The metaverse is a growing playground for brand engagement, but is it a safe space for children to interact online? According to a survey conducted by Wunderman Thompson Data for Wunderman Thompson Intelligence, kids’ safety is a top concern: 72% of parents who are familiar with the metaverse are worried about their kids’ privacy in the metaverse, and 66% are worried about their kids’ safety. Now, brands are building metaverse worlds dedicated to youngsters to ensure safety and privacy for those who participate.

Lego and Epic Games are partnering to build a metaverse for kids. Announced in April, the duo plan to “come together to build a space in the metaverse that’s fun, entertaining, and made for kids and families,” Epic Games CEO Tim Sweeney said in a public statement. Epic and Lego also stated that they will prioritize children’s safety and privacy, and will “empower children and adults with tools that give them control over their digital experience.”

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Airtopia for kids on Roblox, courtesy of Nike.

Nike built ‘Airtopia’—a kids’ world in the metaverse—in March. The campaign, titled ‘Magic is in the Air,’ was co-created with children and floated above Nikeland in Roblox as part of a promotion aimed at kids for the brand’s Air Max sneaker anniversary. Three kids from the Nike Play Council contributed to virtual affects for the experience: aliens were drawn by Doodle Boy; Nandi Bushell, a viral drummer, contributed to the sound affects; and skateboarder Rayssa Leal inspired the style of movement in the world. This child-centered realm aims to encourage creativity and youthful imagination.

Children in India were able to experience the Nickelodeon Kids’ Choice Awards in Decentraland in March of this year. Viewers were able to attend as avatars while also playing games, riding the Nickelodeon blimp, and playing in slime fountains. The experience was meant to elevate engagement for young viewers through a unified, accessible platform experience.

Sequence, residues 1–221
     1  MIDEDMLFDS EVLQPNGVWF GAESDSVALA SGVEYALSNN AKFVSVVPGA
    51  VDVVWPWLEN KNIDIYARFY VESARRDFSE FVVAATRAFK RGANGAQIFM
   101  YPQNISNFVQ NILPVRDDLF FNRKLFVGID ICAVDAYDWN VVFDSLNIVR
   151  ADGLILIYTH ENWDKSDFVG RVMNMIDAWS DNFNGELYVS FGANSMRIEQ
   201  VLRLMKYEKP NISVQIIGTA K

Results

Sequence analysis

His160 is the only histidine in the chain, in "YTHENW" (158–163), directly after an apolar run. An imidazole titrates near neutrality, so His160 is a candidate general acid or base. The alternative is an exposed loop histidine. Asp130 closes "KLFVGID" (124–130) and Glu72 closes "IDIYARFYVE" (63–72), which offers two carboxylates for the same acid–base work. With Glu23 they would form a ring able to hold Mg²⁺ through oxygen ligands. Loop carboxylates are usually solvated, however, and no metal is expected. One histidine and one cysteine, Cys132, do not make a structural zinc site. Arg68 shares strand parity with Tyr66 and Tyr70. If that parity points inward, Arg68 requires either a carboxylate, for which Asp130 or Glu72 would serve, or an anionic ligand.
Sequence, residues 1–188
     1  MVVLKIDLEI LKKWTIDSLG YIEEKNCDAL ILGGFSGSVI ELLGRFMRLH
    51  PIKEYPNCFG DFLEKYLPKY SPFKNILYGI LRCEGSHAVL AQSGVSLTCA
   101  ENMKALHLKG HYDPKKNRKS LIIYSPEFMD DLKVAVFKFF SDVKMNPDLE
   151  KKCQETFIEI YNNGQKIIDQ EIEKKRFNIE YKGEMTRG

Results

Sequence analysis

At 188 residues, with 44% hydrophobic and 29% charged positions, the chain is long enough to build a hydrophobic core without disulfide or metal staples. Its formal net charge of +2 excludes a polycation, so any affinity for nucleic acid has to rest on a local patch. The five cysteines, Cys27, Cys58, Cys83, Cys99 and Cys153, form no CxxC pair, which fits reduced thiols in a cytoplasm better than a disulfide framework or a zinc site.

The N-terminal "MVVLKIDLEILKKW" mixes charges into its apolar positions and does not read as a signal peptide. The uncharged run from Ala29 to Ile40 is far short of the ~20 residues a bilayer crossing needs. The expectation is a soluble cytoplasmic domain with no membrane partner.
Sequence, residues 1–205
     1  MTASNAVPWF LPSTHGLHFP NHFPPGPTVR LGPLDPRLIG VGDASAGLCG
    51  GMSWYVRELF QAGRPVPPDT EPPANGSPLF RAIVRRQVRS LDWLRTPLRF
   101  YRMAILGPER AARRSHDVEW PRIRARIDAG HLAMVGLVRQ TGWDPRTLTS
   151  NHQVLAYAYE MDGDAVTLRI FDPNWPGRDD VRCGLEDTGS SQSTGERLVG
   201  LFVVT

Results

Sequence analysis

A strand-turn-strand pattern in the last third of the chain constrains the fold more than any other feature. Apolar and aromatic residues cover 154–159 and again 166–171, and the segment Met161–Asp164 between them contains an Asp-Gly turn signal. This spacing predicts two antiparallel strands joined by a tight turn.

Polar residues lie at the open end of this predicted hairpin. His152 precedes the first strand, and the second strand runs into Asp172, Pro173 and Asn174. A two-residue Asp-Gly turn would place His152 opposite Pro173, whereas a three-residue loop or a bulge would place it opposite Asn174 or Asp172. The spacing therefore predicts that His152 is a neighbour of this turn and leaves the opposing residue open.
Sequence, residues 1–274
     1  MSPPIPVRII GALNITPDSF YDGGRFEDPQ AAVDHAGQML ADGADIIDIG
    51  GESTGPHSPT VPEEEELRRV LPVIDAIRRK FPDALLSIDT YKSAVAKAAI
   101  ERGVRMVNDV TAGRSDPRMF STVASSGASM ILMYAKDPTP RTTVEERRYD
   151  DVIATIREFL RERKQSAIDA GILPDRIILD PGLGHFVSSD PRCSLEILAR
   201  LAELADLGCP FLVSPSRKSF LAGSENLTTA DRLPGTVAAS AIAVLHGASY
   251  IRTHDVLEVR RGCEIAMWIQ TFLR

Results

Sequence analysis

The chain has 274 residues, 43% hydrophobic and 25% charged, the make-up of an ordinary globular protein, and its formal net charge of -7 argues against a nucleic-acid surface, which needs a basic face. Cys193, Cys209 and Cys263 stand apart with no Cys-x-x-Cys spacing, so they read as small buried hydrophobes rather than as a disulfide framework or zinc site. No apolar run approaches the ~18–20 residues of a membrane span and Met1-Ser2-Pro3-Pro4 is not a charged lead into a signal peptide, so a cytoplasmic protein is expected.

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Airtopia for kids on Roblox, courtesy of Nike.

Currently, children are finding their way into adult-centered realms, causing concerns amongst parents. The Washington Post recently reported that while Horizon World, Facebook’s Metaverse world, is intended for users 18 and older, children have been known to use their parents’ Oculus VR headsets to interact in the digital world amongst adults. Experts are therefore raising concerns that the virtual realm has no guardrails to protect unsuspecting young gamers from predators online. A spokeswoman for Meta told the Post that the “goal is to make Horizon Worlds and Horizon Venues safe, and we are committed to doing that work.” In March, Meta announced plans to launch new parental supervision features on its virtual reality Quest headset to ensure kids are safe while exploring the metaverse through their devices, reflective of other protective measures on social apps under the Meta umbrella.

Spaces dedicated for children in the metaverse are starting to pop up across existing platforms as concerns grow over the safety and privacy of children in the virtual realm. Expect to see more safe digital spaces created exclusively for children as the metaverse continues to emerge.

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